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Rural Insight: Niche crops offer new lifestyle opportunities.

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The prospects for New Zealand’s horticultural sector on having another bumper year looks positive with apples, kiwifruit and avocados all leading the charge for sales prospects making the sector worth $10 billion a year by 2020.

But behind those high profile crops are some lesser known crops that also bring opportunities for landowners wanting to spread their risk, and investors keen to be in on emerging high value horticultural exports.

Summer time is also often a period when people who have spent a restful period at the beach or lake spot start to think about how they could make a living at their particular retreat, sometimes growing crops that fit that location.

Bayleys New Zealand country manager Simon Anderson said the company’s agents have participated in a number of sales featuring niche type crops in unique locations that bring both challenges and lifestyle opportunities to their new owners.

Waikato agent Karl Davis says there is a surprising number of niche crop, specialty blocks around offering varied opportunities and income to anyone wanting a lifestyle change or income alternative.

He has recently completed the sale of a high profile macadamia nut orchard and business near Hahei on the Coromandel Peninsula. The well-established property has enjoyed a high profile in recent years thanks to its processing and marketing of the “Cathedral Cove” brand of premium nuts.

The 6.7ha property included 1000 macadamia trees, shedding shop and home which was on the market of $1.15 million.

“The purchase was by someone outside the region seeking a definitive change in lifestyle, with a business that was already well established, but offered the potential to push a bit further in terms of sales and branding. It covered all the bases from growing to marketing for someone seeking the challenge, in a stunning location,” he says.

Almost directly on the opposite coast Karl Davis of Bayleys also negotiated the sale of a niche vineyard at Glen Murray, west of Huntly for $865,000.

Located in a less than traditional wine growing district the 7ha property included 8000 Pinot Noir and Pinot Gris grape vines, and 340 olive trees against a native bush setting. It came complete with an 1800s home with a separate cottage used for bed and breakfast guests.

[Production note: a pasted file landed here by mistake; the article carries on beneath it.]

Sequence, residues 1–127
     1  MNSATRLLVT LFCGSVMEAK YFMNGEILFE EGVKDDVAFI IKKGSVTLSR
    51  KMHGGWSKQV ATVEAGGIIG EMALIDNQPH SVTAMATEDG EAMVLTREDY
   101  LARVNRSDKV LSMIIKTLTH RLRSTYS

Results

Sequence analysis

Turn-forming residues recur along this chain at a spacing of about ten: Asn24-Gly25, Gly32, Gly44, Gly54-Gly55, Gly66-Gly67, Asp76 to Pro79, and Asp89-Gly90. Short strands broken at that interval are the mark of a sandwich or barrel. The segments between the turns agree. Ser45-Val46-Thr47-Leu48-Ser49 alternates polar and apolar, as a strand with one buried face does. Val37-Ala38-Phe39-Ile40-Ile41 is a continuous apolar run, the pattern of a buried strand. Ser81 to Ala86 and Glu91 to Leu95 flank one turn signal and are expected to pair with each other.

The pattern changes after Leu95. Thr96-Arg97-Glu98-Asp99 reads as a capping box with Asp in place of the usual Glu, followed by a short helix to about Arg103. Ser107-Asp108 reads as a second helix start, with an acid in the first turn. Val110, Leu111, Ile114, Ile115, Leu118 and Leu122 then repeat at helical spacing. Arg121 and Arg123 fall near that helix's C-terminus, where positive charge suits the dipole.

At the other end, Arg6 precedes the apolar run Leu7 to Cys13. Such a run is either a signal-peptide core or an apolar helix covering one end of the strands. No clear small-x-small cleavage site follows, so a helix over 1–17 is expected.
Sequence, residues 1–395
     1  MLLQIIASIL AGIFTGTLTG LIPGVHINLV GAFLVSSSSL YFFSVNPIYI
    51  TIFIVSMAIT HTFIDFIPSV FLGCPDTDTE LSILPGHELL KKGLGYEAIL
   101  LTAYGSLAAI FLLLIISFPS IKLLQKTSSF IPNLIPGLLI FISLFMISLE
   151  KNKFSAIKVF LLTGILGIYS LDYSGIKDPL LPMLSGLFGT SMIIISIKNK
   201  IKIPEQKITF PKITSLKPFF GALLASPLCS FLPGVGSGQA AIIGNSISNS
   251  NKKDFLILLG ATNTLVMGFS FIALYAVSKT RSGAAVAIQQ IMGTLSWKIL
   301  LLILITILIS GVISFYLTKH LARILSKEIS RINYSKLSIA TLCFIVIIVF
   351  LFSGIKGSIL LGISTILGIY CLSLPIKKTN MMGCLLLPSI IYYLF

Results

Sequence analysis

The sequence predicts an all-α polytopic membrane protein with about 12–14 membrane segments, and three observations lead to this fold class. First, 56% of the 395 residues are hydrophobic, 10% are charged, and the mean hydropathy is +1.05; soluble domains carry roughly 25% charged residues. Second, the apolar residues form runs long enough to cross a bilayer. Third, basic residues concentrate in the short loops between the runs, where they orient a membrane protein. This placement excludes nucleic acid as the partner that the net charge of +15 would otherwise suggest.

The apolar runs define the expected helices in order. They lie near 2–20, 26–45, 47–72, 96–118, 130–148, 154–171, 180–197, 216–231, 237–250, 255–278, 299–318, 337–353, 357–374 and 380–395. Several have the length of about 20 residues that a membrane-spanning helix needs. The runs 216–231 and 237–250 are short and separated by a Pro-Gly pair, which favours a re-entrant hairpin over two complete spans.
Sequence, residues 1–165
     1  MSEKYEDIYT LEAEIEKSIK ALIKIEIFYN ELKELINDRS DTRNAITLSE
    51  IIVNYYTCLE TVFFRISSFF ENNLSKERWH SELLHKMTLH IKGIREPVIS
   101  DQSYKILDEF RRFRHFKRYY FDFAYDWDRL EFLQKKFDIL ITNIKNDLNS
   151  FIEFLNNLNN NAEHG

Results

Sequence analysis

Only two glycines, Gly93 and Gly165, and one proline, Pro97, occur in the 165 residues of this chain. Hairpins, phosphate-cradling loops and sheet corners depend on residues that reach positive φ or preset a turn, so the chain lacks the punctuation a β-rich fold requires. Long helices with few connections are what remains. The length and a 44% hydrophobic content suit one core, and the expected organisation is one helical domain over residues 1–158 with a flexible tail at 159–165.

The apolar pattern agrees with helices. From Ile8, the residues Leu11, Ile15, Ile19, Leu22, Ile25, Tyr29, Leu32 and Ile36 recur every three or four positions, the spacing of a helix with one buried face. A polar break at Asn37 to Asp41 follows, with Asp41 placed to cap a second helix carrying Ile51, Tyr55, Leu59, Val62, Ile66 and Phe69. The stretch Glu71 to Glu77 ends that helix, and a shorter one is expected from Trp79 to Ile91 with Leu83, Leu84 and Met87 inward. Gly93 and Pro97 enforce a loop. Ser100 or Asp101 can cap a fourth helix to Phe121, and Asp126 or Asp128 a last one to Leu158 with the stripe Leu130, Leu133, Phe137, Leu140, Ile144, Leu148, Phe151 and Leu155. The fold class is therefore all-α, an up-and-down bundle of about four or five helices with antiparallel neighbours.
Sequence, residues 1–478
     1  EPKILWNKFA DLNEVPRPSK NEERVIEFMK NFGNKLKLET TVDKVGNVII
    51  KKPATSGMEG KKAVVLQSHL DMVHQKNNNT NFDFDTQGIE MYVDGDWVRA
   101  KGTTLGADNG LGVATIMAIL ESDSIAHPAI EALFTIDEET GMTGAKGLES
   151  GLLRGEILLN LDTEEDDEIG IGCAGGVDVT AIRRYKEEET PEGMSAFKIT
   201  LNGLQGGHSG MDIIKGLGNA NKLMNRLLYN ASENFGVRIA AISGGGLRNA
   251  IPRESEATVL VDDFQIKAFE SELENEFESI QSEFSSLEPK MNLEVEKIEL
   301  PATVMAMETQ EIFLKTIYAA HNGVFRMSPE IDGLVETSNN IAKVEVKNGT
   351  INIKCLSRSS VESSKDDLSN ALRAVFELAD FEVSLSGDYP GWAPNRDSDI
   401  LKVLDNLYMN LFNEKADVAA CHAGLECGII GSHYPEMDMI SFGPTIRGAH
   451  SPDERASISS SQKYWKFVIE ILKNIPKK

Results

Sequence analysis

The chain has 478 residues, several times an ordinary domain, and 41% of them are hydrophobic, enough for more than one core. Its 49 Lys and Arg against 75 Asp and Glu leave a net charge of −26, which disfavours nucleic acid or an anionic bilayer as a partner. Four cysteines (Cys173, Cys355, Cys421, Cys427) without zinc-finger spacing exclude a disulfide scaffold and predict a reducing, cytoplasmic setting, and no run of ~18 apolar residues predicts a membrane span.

Karl Davis’s colleague Lee Carter says this property appealed to a couple wanting to escape Auckland, and who were seeking a business their family could also be engaged in.

Opportunities for niche crops and lifestyle combinations may also lie in common and plentiful feijoas. As the rest of the world starts to discover a taste that Kiwis have known for generations, opportunities are developing for orchards of scale to meet that demand.

New markets for the fruit are opening up and last year’s exports were the highest ever reported, with a 15% increase to $500,000 to May 2016.

Difficulties in exporting the fruit are reflected in its relatively low historical export levels of only about 10% of the crop. However improvements in cultivars and harvesting techniques are opening up the capacity to ship more offshore.

Todd Abrahams is managing director for feijoa brand Zeijoa. The company is in its fourth year exporting under its premium brand, and now operates under shared growerownership. 

He says the New Zealand domestic market is relatively saturated with fruit, and exporting is likely to succeed more if growers co-operate under a brand or group, as his have done.

But he cautions investors or landowners considering feijoas and expecting an easy and fast return.

“You have to be prepared to be in there for the long haul, and expect it may take up to 10 years to be really established. This is a relatively new export, and the days of being a cottage industry are gone, you need scale.

“Compared to avocados where you can start making money as soon as you buy a block, feijoas will require more effort.”

Over in the Bay of Plenty where kiwifruit and avocados already thrive, a more recent niche crop to become established on the back of kiwifruit’s success are Kiwi-berries.

Known in some countries as the baby kiwi, and part of the kiwifruit family the berry grows wild in parts of China. Rich in antioxidants and with an edible skin, the berries are ticking the boxes as a convenient, healthy “super fruit” more and more consumers are seeking.

At present there are 22ha in production for the berries, grown in a similar means to kiwi fruit on pergola systems, and the berries offer an alternative crop to kiwifruit with high value markets developing through Asia.

Simon Anderson of Bayleys said crop options were far greater than even 10 years ago, depending upon the location. But he urged potential investors to closely consider the marketing and infrastructure that sat behind niche crops on properties they may be considering.

“It is really encouraging to see the larger more established crops like kiwifruit have provided good grower focused models for these smaller emerging crops to base themselves on.

“In all cases they seem to be aware of the need for growers collectively working together building markets and setting standards, rather than each pitching against one another off shore.”

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